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Collective enfranchisement: extent of common parts

A recent case has decided that a basement, sub-soil and airspace were common parts for the purposes of a claim under the Leasehold Reform, Housing and Urban Development Act 1993.


This 1993 Act governs a statutory process by which tenants of a building, or part of a building, can join together to buy the freehold of it. This is known as collective enfranchisement. The process involves acquiring all leases covering the relevant premises, including leases over any common parts where those parts reasonably need to be acquired in order to manage or maintain them properly.

The process operates by the tenants serving notice on their freeholder the premium they propose to pay, the extent of the property to be purchased and any other terms. The freeholder is then required to serve a counter notice either accepting or disputing the right to buy.

If the right is disputed, the tenants need to apply to court for a declaration as to their entitlement. This is what happened in L M Homes Ltd and others v Queen Court Freehold Co Ltd.


The case concerned a block of forty-five flats across eight floors and a basement which occupied around one third of the building’s total footprint. Each flat was subject to its own lease and there were separate leases over each of the basement, the roof and airspace, and the subsoil at basement level under the rest of the building. The basement contained tanks, boilers and switchboards that served the whole building.

The tenants of the flats served notice on the freeholder exercising their right to buy the freehold. The freeholder admitted their claim to the leases over the flats but disputed their right to acquire the leases of the airspace, basement, basement staircase and subsoil, because it wanted to retain these areas for redevelopment.

The First-Tier Tribunal held that these areas were common parts and were necessary for the proper management and maintenance of the building and so the tenants had the right to acquire them as part of their overall claim. The freeholder appealed to the Upper Tribunal.


The Upper Tribunal found that:

  • The whole of the basement was a common part. The equipment within it was not confined to one part but was spread around and so access to the whole basement was necessary to maintain and service that equipment. The common parts were not to be regarded as being limited to the service installations themselves and the fact that the tenants themselves previously had no rights of access to the basement or to the equipment was irrelevant; they were for shared use and benefit. The freeholder’s proposed development of the basement would significantly interfere with the maintenance and upkeep of the communal heating and electrical supply and so these areas needed to be acquired.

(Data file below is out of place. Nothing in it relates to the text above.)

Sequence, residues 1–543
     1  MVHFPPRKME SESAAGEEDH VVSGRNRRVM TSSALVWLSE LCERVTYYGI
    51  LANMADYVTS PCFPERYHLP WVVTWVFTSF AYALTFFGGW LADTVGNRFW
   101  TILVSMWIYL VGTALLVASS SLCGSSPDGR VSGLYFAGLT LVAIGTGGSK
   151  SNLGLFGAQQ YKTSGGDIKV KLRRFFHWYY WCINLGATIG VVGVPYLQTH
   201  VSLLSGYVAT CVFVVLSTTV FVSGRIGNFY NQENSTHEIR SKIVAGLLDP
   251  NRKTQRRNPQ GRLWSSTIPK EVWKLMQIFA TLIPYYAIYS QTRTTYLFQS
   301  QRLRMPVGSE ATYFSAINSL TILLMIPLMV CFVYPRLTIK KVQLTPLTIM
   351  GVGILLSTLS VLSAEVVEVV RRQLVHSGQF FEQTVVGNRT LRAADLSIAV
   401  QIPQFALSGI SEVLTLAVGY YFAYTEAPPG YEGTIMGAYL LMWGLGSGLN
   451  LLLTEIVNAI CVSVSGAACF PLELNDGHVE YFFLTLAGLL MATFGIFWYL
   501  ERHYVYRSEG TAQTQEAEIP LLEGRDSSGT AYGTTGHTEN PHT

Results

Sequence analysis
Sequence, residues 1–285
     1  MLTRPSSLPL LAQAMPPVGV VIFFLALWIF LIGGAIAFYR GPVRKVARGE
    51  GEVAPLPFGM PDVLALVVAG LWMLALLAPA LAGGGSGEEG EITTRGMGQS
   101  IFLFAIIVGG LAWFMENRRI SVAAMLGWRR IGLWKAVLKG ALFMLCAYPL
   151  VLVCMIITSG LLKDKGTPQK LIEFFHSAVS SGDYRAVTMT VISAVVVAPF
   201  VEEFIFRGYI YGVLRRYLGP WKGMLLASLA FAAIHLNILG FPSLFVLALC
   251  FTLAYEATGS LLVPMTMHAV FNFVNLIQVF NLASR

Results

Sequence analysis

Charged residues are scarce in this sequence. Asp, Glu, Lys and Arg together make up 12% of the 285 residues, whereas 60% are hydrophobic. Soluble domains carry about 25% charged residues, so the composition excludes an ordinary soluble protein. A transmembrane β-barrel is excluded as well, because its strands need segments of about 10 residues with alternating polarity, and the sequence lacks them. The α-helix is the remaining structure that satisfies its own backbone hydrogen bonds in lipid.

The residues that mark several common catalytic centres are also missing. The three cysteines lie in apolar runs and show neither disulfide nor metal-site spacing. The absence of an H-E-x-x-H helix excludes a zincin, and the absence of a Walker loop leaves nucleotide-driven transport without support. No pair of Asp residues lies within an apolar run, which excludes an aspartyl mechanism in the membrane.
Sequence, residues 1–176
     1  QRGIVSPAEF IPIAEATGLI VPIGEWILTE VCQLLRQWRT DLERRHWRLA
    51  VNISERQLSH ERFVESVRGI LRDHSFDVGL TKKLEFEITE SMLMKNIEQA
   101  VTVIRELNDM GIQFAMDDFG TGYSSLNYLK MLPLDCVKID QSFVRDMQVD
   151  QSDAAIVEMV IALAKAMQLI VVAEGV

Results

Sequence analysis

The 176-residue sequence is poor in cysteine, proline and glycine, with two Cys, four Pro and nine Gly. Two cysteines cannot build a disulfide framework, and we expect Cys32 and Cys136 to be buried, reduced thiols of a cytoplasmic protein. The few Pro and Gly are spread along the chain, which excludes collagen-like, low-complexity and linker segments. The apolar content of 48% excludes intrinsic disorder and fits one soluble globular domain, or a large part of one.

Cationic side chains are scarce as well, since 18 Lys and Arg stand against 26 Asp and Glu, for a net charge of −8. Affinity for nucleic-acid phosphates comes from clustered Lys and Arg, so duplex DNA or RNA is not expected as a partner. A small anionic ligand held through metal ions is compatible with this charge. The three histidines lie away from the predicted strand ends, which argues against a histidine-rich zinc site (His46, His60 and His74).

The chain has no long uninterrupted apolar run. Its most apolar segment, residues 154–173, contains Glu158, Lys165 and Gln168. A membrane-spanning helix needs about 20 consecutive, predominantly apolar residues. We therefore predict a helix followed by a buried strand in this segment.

• The sub-soil would not ordinarily be considered to be part of the building. However, subsoil was within the extended meaning given to “common parts” in section 101 of the 1993 Act by previous caselaw. And this was consistent with the freeholder’s covenant to “keep the whole of the grassed planted and landscaped area (if any) of the Reserved Property mown and planted in good and tidy condition”. The freeholder’s intention to develop the subsoil would mean it would cease to be a common part, make it liable to be excavated and render compliance with this covenant impossible.
  • Also, in accordance with previous caselaw, the airspace was also found to be part of the exterior of the building and therefore fell within the common parts. The airspace provided access to the roof which was needed to effect repairs and maintenance to the building. It might also be needed for facilities serving the building. If the freeholder were to develop the airspace as it intended, convenient access to the roof would become impossible. This made it reasonably necessary for the proper management of the building that the airspace be acquired.

On the basis that all of the disputed areas were found to be common parts, the tribunal held that the tenants had the right to acquire them and the freeholder’s appeal was dismissed.


This case recognises the practical need for tenants, exercising their right to collective enfranchisement, to have control over common parts for the proper future management of their building.

It may also serve as a warning to landlords and investors to consider the implications of attempting to retain parts of a building for their own development by granting separate leases in order to avoid those parts being acquired in a collective enfranchisement claim.

L.M. Homes Ltd (2) J.T. Emore and F.E. Emore (3) Dalvir Kaur v Queen Court Freehold Company Limited [2018] UKUT 367 (LC)


This information is for educational purposes only and does not constitute legal advice. It is recommended that specific professional advice is sought before acting on any of the information given. © Shoosmiths LLP 2022.


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